Monthly Archives: May 2008
1. I was thinking about small group leaders at St Paul’s, and the training thereof. I was thinking about a way of providing stimulation for their faith, a deepening and shaping that was a bit different to the sort of course that teaches small group leading skills 101.
2. I had been part of a brief experiment with an online bookclub at my previous church, which used a discussion forum format. It sort of worked, but ran out of energy after a while. It was a good idea though (not mine – thanks Roger). The advent of Facebook, with a free, powerful interface, that many, many peoples eemed to have signed up for and check regularly made it an attractive option to try and utilise.
3. I attended a conference last year at which Don Carson was speaking. He was talking about the Gospel Coaltion. One of the things they were aiming to do was share resources. He gave the example of Mark Dever, who runs a reading group at his church that works through only Christian classics throughout a year. I though that was a great idea, to try to get Christians into reading great classic books that form part of their heritage.
4. I have several friends who are part of other bookclubs. They always rave about the group gatherings where they discuss the book, and the friendships that have formed out of those. It made me think that only online interaction leaves something lacking. After all, the Christian life is about relationships, and relatioships form through face to face contact. Also, the exercise of reading, thinking about arguments, and articulating opinions to others is great training in patience and godliness (and it doesn’t hurt small group leading either 😉 )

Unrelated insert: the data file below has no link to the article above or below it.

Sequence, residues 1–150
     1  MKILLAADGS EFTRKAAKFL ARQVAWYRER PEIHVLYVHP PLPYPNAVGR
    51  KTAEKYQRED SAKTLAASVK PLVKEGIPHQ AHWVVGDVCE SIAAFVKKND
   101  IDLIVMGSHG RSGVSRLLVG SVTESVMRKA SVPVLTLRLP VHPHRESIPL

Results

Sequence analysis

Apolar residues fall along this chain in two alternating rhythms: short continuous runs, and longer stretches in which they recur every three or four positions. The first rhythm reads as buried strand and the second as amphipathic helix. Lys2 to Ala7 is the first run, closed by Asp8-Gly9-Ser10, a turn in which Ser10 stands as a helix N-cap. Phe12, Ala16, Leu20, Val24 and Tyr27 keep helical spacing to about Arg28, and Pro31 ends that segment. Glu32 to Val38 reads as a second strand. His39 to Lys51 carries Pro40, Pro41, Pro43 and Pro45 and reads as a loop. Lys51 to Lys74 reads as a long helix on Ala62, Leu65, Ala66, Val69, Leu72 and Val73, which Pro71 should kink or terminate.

We’re trying something new for St Paul’s this year. It’s a bookclub.
Now, that’s not new in itself. But its not quite the typical ‘Jane Austen’ style bookclub.
Here’s how it works:
– I pick 4 books for the year, 1 per school term (since that is the way the church year is generally structured). The aim is to cover a range of topics and interests, including 1 which is a ‘classic’ author. People can choose to opt in for 1,2,3 or 4 books.
– people sign up, and we source the books for them. The bookclub members pick up their books from our College of Ministry table after church, or from our office during the week.
– once people have the books, they can interact with each other in 2 ways
* a Facebook bookclub group. It is a ‘secret’ group, so all members know that their
comments can only be seen by others in the bookclub’.
* 1 supper during the term at someone’s house. This provides both an avenue to interact
for those who aren’t online, as well as an opportunity to explore theology together in
face to face relationships.
The idea behind this initiative was to provide another opportunity to stretch people who may have been Christians for a while, in a self-guided educational model. It also serves as a means for people to get into reading Christian books. Lots of people have said to me that they have wanted to get into reading, but didn’t know where to start. One the advantages of this system is that someone else has chosen the book for you, and you have the extra incentive to read it in that you know that others are reading it with you and you can chat with them about it.
The books for this year are:
Term 1 – 666 and all that, Greg Clarke and John Dickson
Term 2 – On Christian Liberty, Martin Luther
Term 3 – Living with the Underworld, Peter Bolt
Term 4 – The Reason for God, Tim Keller
We had 75 for the first term. A few teething problems with te Facebook and the suppers, but a pretty good start.
Thoughts, comments, questions, suggestions?